At the Monday, Sept. 11 Moorestown Township Council meeting, residents questioned how council is taking steps ahead on affordable housing, the public work’s roofing and Strawbridge Lake.
Moorestown Township Council fielded questions about housing, roofs and lakes at the meeting held in Town Hall on Monday, Sept. 11. Residents were eager for more information as several individuals, during public comment, questioned council’s handling of agenda items.
Council passed three resolutions related to affordable housing. Council authorized the expenditure of fees from the Affordable Housing Trust fund to pay consulting services related to the development of the township’s affordable housing plan, but members found themselves in a difficult position as ongoing negotiations with the Council on Affordable Housing left them tight-lipped on the subject when asked.
Resident Peter Miller inquired about opportunities for the public to comment as the township develops its affordable housing plan.
“I just thought that there would be some kind of public meeting,” Miller said.
Councilman Michael Locatell said any action will require a public meeting.
“We can discuss why that is a consent agenda cost but not the details of what’s going on with COAH at this point because of the negotiations that are going on,” Locatell said.
Township manager Thomas Merchel said the township is still trying to work through the number and how it will meet its affordable housing obligation.
“This was discussion in executive session how council wanted to handle this,” Merchel said. “Regardless of the negotiations going on there’s a high number that Fair Share wants — the number they’re throwing out is 1,600 units […] That’s their number. We obviously feel that’s high. We’re trying to find a number that we feel is more reasonable.”
Merchel emphasized that meetings related to the township’s affordable housing plans are still ongoing.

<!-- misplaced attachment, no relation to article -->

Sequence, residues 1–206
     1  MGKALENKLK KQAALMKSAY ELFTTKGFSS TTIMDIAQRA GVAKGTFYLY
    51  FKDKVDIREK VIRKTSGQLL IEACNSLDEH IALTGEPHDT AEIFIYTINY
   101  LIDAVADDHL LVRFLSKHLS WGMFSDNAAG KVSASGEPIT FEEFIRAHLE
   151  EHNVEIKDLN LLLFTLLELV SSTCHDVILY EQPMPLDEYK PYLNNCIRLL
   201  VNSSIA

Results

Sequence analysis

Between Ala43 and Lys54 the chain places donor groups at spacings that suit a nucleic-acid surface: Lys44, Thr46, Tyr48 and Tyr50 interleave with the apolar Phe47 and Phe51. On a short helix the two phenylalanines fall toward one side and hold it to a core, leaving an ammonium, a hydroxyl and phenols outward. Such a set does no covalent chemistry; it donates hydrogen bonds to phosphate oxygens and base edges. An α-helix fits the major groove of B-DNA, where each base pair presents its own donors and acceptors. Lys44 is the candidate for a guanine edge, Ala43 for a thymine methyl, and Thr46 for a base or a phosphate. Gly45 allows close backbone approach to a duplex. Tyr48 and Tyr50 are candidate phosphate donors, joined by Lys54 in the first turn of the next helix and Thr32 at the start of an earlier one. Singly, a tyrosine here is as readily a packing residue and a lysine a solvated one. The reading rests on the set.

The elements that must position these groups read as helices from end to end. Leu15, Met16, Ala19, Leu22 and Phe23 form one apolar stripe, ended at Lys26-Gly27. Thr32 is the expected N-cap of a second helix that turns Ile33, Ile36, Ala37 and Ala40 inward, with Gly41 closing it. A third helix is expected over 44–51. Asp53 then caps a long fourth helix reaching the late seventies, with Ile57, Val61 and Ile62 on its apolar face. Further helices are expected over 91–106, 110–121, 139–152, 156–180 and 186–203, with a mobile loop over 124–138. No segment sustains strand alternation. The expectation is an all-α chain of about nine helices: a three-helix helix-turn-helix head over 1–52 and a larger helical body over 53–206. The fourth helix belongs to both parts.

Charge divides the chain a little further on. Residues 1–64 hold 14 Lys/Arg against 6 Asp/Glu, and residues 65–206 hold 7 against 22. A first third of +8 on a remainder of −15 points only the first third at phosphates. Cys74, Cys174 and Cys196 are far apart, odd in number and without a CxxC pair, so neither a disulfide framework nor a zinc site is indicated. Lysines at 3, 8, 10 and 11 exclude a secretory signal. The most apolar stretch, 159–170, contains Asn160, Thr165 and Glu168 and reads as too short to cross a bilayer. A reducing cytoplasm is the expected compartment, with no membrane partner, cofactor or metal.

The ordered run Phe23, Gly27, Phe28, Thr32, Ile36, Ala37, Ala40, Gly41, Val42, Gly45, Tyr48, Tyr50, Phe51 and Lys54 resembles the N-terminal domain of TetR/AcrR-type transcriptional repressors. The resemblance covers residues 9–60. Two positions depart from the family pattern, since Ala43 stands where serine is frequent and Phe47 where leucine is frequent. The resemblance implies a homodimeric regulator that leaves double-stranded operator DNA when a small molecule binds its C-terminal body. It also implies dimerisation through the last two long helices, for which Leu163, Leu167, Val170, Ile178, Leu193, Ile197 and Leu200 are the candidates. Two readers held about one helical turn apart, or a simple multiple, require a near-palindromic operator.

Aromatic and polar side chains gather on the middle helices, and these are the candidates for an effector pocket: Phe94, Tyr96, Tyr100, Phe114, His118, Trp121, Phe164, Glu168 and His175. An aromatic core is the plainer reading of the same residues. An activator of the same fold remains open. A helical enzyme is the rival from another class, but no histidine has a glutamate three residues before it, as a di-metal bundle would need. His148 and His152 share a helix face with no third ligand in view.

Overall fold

Resident Michael Babcock made more headway at getting council engaged in discussion when asking about the ordinance up for second reading authorizing $865,500 in bonds or note for the replacement of the roofs of the Department of Public Works Building and various sewer treatment plants buildings.
Babcock questioned what consideration the township had given to the possibility of mold at the public works building due to leaks in the roof.
Merchel said there is a $170,000 contingency built into the project.
Councilwoman Lisa Petriello echoed Babcock’s sentiment regarding the possibility of mold. She said the township knows there is damage to insulation, internal walls and ceiling tiles, and she inquired in if there was some way they could be more proactive about planning for the possibility of mold.
“With this building, I can’t imagine that there isn’t mold somewhere,” Petriello said.
Locatell said it’s difficult to design for “things we don’t know are there” but clarified that is why contingency money is built into the ordinance.
Councilwoman Victoria Napolitano said it didn’t make sense to build more money into the project when the township doesn’t know if there is mold. She said if the township does come to find mold, council could authorize a change order to finance the removal.
“At this point the only thing we could do — I mean this is a bond ordinance — the only we could do is add more money to the project,” said Napolitano. “This isn’t about how we’re going to proceed with the project.”
The ordinance ultimately passed unanimously.
Council also authorized the funding of $34,000 from the “Moorestown Open Space, Recreation, Farmland and Historic Preservation Trust Fund” to be used for environmental improvements to Strawbridge Lake.
Resident Brian Thomas questioned council’s methods for dealing with the spatterdock plants growing in the lake. He said removing the plant mechanically is futile.
“It’s just almost impossible to get every shred of root and if you leave one shred one in there, it’s going to eventually grow back,” Thomas said.
Thomas suggested that council look into chemically fixing the phosphorus content in Strawbridge Lake’s water. He said removing the phosphorus in the water cuts off the spatterdock’s food source, and while this method is not a permanent fix, it addresses one of the underlying contributors to the plant growth.
“If we’re going to do it, we need to be looking at the root causes,” Thomas said.
Merchel said efforts are underway to get some of the lake’s minnow ponds dredged, and the township is looking into grants to clean up the lake’s silk basins.
Locatell suggested asking the Moorestown Environmental Advisory Committee to trying to find grant money.
“In the long-term, I think that’s what’s going to have to happen; I think we’re going to have to dredge the lake,” Locatell said.
The next meeting of the Moorestown Township Council will be on Monday, Sept. 25 at 7 p.m.